Before software took over our lives, and software engineering was its own profession, coders were cut from the same cloth. Developers were mostly computer science graduates, with the remainder made up of electrical engineers, physicists and the odd mathematician. These days the trade attracts talent from a wide variety of backgrounds and academic disciplines. It's not unusual to find world class coders who started in economics, geography or the arts. Of course becoming a developer doesn't mean renouncing your previous intellectual loyalties, and many techies continue on with their previous vocation through hobbies and side jobs. The September BASH will investigate whether alloys are indeed stronger. Does our industry benefit from many different perspectives? Do skills cross over from poetry, music, and historical research into software engineering? Do our outside interests make us better at our trade? Or would we all be better off devoting our free time to Project Euler? We have three excellent speakers to expound on this topic. As ever questions will be gratefully accepted and (hopefully) the debate will be impassioned. Once again this will be a virtual event, so there is no limit on attendance, but please sign up early so we can gauge interest. --------------------------------------------------- What A Medieval Monk Can Teach Us About Technical Writing Claire Bodanis (https://www.linkedin.com/in/claire-bodanis-00a7831/) At the launch of my book about corporate reporting, one of my colleagues threw me a googly. ‘What insights into reporting,’ he asked ‘can one get from the Venerable Bede?’ My academic background was in mediaeval texts, including an MPhil on some unedited works of the Venerable Bede, a seventh/eighth century Benedictine. Bede in fact has a lot to teach us and, on a more practical level, there are many parallels between my study of mediaeval texts, my work in corporate reporting, and the challenges you no doubt face in communicating with a non-specialist audience. We geeks love our subject, and can easily fall into the trap of imagining our internal language must be universal. We fail to see jargon for what it is. Ultimately we need to take a step back and remember why we’re communicating in the first place. Who is the audience? Why am I addressing them? What do I want them to do as a result? In short – respect your reader. Why Hobbies Are Good For You Ciaran Conliffe (@shinyemptyhead) A popular subject at Bash's past has been people's hobby projects...but does your hobby need to be coding for it to be valuable to you as a developer? Ciaran Conliffe says no. He's here to talk about how his hobby of writing has helped him through the last ten years of his career, making him a more rounded engineer and teaching him valuable lessons and skills. Find out how writing an article about a castle in Limerick led inexorably to him speaking at an international IT Security conference, and discover the mysterious role that Uri Geller played in changing his life. As a bonus, you can even find out what he thinks other people (including our own Garth Gilmour!) have taken from their hobbies. Making Noise: What Music Can Teach You About Software Engineering Philip Lawson (@PLawsonGuitar) If you open up your favourite search engine and ask “do musicians make good programmers”, it will tell you “yes, because maths”. It can't be that simple, can it? While music does have deep maths behind it, you don't need to know Pythagoras' theory of harmonic intervals to make good music, nor does it actually help that much. Join me as I talk through my experience teaching and performing classical music, and share the specific skills and approaches that have helped me in my career as a software developer. Expect occasional insights and lots of puppy pics. Link to join - https://youtu.be/7MEAkHjp2d8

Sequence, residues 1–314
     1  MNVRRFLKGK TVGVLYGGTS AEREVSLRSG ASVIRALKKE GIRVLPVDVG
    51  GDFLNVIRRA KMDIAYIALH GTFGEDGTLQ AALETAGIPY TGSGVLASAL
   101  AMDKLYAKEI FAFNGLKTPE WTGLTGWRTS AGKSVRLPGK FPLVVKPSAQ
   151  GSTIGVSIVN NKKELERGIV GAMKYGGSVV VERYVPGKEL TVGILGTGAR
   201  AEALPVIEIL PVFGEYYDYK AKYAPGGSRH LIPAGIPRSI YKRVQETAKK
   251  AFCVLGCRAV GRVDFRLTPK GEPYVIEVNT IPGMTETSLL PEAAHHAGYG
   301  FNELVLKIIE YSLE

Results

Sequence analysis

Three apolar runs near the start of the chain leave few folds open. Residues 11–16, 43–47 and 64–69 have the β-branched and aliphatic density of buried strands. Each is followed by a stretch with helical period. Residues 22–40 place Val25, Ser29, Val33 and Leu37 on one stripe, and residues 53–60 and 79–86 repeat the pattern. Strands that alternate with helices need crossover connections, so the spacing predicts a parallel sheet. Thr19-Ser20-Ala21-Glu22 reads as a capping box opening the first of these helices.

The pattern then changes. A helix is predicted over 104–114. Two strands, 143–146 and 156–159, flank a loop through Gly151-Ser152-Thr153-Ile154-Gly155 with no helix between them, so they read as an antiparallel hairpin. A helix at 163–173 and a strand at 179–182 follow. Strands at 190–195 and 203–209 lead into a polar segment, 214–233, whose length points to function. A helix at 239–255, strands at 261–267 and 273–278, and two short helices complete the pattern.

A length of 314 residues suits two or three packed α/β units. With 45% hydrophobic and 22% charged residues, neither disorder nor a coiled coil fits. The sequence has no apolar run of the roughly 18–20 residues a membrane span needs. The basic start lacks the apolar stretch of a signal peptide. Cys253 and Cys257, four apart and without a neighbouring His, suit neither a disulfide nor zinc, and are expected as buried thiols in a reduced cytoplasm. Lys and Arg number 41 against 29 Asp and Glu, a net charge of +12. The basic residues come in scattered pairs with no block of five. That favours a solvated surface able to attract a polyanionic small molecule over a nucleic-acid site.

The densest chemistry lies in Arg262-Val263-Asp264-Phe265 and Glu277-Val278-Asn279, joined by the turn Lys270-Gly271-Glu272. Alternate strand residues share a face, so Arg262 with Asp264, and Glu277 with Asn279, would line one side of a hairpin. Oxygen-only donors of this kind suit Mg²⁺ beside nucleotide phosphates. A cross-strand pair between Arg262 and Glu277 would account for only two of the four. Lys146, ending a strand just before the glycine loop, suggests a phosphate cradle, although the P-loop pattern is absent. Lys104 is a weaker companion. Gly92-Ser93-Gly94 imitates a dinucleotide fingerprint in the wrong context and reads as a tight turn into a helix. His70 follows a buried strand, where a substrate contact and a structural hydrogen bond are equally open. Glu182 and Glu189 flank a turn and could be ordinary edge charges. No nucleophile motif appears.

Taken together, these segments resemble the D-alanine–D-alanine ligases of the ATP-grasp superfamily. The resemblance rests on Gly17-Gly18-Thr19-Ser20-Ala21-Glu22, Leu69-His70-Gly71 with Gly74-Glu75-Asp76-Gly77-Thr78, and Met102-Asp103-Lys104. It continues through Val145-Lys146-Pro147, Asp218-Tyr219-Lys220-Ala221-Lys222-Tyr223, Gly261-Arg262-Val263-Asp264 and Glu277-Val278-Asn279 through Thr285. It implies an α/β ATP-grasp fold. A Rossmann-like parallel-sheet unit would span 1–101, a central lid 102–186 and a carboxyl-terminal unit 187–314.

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  • The Craft Bash!